Ahnaf Hassan (MASc): Developing a System to Reliably Detect Driver Drowsiness Using Physiological Signals

November 29, 2017 @ 9:30 am – 10:00 am
Rosebrugh Building
Rosebrugh Bldg, Toronto, ON M5S 3G9

Room: RS 211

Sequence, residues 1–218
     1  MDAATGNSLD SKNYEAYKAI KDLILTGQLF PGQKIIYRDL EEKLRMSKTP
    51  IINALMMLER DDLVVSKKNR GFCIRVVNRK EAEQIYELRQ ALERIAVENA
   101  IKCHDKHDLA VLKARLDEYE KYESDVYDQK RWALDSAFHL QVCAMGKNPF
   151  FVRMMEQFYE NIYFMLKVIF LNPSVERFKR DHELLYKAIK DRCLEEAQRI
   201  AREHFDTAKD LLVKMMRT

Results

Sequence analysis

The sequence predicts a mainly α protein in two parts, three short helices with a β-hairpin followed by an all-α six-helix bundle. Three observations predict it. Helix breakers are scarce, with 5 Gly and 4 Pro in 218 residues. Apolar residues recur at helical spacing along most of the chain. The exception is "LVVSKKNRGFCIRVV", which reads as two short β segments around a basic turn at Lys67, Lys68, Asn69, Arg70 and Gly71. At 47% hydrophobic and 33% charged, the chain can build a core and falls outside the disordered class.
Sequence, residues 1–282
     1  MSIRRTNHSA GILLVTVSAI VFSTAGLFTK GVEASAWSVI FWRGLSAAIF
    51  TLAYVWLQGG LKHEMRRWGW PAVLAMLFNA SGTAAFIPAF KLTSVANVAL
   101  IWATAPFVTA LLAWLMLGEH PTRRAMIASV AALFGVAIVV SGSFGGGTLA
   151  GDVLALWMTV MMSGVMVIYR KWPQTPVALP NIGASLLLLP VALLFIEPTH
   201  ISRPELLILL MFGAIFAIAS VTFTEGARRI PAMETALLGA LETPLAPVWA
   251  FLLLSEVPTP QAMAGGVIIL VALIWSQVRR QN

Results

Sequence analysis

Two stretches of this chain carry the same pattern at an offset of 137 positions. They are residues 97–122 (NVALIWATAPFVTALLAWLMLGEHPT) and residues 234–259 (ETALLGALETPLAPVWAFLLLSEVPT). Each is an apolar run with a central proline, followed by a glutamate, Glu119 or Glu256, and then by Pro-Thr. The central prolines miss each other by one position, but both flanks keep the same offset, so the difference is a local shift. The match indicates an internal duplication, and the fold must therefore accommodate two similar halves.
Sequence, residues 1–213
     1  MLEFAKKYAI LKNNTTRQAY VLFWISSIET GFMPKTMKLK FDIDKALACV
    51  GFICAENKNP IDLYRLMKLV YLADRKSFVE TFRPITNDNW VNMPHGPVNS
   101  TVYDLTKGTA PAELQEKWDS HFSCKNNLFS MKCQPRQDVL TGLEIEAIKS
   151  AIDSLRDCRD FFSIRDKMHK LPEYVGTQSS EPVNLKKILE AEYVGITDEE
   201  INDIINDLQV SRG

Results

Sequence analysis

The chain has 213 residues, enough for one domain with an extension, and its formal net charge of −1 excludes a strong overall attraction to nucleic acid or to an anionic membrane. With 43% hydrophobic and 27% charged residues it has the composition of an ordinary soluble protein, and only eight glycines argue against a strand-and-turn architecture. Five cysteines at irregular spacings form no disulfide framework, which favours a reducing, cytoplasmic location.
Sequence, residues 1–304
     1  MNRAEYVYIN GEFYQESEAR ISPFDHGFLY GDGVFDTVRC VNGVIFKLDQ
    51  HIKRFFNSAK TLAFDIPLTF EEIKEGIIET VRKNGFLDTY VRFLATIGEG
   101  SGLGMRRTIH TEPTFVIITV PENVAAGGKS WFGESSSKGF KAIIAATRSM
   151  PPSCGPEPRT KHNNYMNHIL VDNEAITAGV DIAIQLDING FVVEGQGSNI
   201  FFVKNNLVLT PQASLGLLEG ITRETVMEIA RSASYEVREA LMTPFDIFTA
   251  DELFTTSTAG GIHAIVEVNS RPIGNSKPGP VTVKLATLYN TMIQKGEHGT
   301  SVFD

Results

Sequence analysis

In Ontario, 20-25% of all car accidents are related to drowsy or fatigued driving, making it one of the top five causes of accidents on Ontario’s roads. Existing systems for drowsy driving detection are typically expensive, dependent on various parameters such as vehicle type, lighting conditions, or road geometry, or are often inconvenient for the driver. Electroencephalogram (EEG) is commonly used to detect drowsy driving. However, most studies based on EEG employ segments that are 30s long, which is too long to detect drowsiness, especially in the context of drowsy driving detection. Therefore, a reliable and high-resolution drowsiness detection system is yet to emerge. This study proposes an efficient and high-resolution EEG-based algorithm to detect drowsiness. At sleep onset, alpha (8-13 Hz) and beta (13-30 Hz) band powers of EEG decrease and delta (1-4 Hz) increases. In this study, we employ EEG data from an overnight polysomnography study to extract relative power features of the three bands- alpha, beta, and delta from 3s long signal segments. Subsequently, these features are used to develop a sigmoid function based wake probability model, which determines the probability of wakefulness of each of the 3s long EEG segments. The sigmoid wake probability model is validated using various metrics and arousal and deep sleep segments. Upon its successful validation in a driving study, the proposed model will lead to the development of a high resolution, convenient, and accurate drowsiness detection system based on wearable EEG headbands.